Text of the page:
Cite This Page:

Wiley-Blackwell. "Feeding the five thousand -- or was it three? Researchers claim most crowd estimations are unreliable." ScienceDaily. ScienceDaily, 26 August 2011. <www.sciencedaily.com/releases/2011/08/110824191733.htm>.
Wiley-Blackwell. (2011, August 26). Feeding the five thousand -- or was it three? Researchers claim most crowd estimations are unreliable. ScienceDaily. Retrieved September 2, 2014 from www.sciencedaily.com/releases/2011/08/110824191733.htm
Wiley-Blackwell. "Feeding the five thousand -- or was it three? Researchers claim most crowd estimations are unreliable." ScienceDaily. www.sciencedaily.com/releases/2011/08/110824191733.htm (accessed September 2, 2014).

Share This




More Computers & Math News

Tuesday, September 2, 2014

Featured Research

from universities, journals, and other organizations


Featured Videos

from AP, Reuters, AFP, and other news services

Google's Self-Driving Car Still Has Many Flaws

Google's Self-Driving Car Still Has Many Flaws

Newsy (Sep. 1, 2014) You've seen a lot of Google's self-driving car, but that doesn't mean it's coming soon. A new report says the vehicle is nowhere near road ready. Video provided by Newsy
Powered by NewsLook.com
Apple's Rumored iWatch Could Cost $400

Apple's Rumored iWatch Could Cost $400

Newsy (Aug. 31, 2014) Apple is expected to charge a premium for its still-rumored wearable device. Video provided by Newsy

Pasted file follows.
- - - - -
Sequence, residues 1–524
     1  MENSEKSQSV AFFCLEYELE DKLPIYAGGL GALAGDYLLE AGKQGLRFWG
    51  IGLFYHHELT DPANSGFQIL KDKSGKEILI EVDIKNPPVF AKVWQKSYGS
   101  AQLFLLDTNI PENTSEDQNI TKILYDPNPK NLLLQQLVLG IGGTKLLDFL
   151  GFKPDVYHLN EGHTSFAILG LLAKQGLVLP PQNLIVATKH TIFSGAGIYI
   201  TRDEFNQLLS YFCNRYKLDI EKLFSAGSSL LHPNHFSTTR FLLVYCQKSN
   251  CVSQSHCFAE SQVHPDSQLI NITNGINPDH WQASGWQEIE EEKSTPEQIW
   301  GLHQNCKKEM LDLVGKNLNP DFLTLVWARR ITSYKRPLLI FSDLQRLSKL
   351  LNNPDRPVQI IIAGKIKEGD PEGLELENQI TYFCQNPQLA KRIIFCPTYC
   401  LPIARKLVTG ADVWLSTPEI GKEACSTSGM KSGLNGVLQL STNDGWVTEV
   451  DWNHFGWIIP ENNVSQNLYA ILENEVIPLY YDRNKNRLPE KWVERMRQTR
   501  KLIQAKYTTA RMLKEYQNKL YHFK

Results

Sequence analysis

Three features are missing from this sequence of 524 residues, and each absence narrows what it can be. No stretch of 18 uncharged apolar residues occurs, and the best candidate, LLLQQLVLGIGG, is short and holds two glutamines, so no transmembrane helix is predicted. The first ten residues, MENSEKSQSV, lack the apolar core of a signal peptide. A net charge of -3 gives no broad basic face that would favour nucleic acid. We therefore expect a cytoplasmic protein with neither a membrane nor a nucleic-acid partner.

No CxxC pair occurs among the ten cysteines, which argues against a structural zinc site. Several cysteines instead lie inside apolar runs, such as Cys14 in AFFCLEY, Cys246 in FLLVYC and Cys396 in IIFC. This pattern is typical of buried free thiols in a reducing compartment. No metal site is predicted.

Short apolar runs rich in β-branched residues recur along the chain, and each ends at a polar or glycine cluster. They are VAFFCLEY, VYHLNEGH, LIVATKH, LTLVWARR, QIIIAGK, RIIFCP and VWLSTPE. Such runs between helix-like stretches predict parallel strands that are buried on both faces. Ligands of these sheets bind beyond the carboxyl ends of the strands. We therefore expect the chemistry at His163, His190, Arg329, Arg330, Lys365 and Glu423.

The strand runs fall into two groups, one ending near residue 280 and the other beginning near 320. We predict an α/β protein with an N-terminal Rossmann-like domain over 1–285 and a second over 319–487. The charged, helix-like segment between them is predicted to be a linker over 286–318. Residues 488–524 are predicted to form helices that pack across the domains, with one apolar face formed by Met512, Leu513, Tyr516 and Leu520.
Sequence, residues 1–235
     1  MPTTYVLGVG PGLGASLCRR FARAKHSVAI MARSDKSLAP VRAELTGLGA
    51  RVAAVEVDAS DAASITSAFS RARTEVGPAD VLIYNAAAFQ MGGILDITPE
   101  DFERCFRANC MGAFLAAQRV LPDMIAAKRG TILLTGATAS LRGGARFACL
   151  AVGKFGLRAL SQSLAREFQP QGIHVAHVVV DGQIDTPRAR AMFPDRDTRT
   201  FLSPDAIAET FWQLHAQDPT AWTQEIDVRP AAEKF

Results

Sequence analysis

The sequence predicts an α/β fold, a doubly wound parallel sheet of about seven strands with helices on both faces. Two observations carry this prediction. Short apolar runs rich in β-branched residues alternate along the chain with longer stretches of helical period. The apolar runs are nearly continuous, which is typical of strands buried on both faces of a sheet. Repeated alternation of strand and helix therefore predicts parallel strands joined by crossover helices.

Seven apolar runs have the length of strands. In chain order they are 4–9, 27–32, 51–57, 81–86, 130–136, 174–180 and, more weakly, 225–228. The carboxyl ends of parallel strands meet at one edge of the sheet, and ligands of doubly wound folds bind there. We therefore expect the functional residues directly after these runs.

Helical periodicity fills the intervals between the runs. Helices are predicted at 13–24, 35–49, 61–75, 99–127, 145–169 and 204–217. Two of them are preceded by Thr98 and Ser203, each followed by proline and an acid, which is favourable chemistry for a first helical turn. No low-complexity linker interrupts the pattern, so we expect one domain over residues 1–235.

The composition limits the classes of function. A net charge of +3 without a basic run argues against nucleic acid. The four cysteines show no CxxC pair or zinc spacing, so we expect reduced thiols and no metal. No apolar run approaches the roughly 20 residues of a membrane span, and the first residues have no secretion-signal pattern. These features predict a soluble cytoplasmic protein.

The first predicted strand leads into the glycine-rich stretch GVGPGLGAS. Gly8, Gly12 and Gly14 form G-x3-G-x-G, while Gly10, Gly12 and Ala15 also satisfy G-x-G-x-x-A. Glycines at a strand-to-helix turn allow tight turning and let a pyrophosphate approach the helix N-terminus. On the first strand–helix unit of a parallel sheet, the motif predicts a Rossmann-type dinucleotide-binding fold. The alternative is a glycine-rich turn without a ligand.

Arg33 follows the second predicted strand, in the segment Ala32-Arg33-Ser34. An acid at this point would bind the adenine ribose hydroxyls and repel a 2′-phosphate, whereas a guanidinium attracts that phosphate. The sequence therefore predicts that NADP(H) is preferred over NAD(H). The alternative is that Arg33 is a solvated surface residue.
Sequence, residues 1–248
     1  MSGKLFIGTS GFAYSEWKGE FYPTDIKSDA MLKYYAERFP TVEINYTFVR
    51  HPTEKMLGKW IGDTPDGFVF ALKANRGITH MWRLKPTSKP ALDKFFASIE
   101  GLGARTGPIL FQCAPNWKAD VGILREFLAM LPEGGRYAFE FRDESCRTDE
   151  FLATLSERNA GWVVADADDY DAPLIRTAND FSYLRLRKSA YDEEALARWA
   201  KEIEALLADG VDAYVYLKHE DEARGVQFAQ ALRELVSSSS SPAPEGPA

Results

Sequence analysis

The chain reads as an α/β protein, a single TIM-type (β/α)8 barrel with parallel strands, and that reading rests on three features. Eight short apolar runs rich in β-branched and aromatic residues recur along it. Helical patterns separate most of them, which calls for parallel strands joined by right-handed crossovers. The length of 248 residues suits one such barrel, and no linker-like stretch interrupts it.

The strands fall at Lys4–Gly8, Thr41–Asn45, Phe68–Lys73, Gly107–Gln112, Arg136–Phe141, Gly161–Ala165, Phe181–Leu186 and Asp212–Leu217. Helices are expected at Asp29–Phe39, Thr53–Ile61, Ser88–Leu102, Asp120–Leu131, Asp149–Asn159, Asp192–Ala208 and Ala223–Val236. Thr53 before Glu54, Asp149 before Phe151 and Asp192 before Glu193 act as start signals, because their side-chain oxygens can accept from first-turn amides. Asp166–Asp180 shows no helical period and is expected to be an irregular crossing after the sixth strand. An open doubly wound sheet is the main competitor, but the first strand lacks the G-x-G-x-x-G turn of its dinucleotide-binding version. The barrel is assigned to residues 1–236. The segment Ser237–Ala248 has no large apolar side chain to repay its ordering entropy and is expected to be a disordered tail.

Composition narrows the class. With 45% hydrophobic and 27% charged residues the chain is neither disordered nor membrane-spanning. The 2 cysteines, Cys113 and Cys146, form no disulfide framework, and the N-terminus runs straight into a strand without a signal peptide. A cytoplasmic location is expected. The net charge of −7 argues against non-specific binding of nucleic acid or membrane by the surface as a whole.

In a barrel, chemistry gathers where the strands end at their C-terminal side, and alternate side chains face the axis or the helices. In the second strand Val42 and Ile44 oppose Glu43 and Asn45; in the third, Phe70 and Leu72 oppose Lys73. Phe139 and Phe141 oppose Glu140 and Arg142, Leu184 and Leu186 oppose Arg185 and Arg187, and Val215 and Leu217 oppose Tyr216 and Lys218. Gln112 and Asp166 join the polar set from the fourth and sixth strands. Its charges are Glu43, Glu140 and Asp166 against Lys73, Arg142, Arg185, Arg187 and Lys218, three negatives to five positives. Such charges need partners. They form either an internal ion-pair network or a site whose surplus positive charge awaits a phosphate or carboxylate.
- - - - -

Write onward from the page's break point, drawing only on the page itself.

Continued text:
Powered by NewsLook.com
Amazon Chases Netflix And HBO With Five New Pilots

Amazon Chases Netflix And HBO With Five New Pilots

Newsy (Aug. 31, 2014) Amazon has released another batch of five pilots, allowing viewers to vote on which shows will get full seasons on the company's streaming service. Video provided by Newsy
Powered by NewsLook.com
Apple Wants Your iPhone To Become Your Wallet

Apple Wants Your iPhone To Become Your Wallet

Newsy (Aug. 31, 2014) Apple might soon announce a feature that would allow iPhones to act as a credit card when making payments in physical stores. Video provided by Newsy
Powered by NewsLook.com

Search ScienceDaily

Number of stories in archives: 140,361

Find with keyword(s):
Enter a keyword or phrase to search ScienceDaily for related topics and research stories.

Save/Print:
Share:

Breaking News:
from the past week

In Other News

... from NewsDaily.com

Science News

Health News

Environment News

Technology News



Save/Print:
Share:

Free Subscriptions


Get the latest science news with ScienceDaily's free email newsletters, updated daily and weekly. Or view hourly updated newsfeeds in your RSS reader:

Get Social & Mobile


Keep up to date with the latest news from ScienceDaily via social networks and mobile apps:

Have Feedback?


Tell us what you think of ScienceDaily -- we welcome both positive and negative comments. Have any problems using the site? Questions?
Mobile: iPhone Android Web
Follow: Facebook Twitter Google+
Subscribe: RSS Feeds Email Newsletters
Latest Headlines Health & Medicine Mind & Brain Space & Time Matter & Energy Computers & Math Plants & Animals Earth & Climate Fossils & Ruins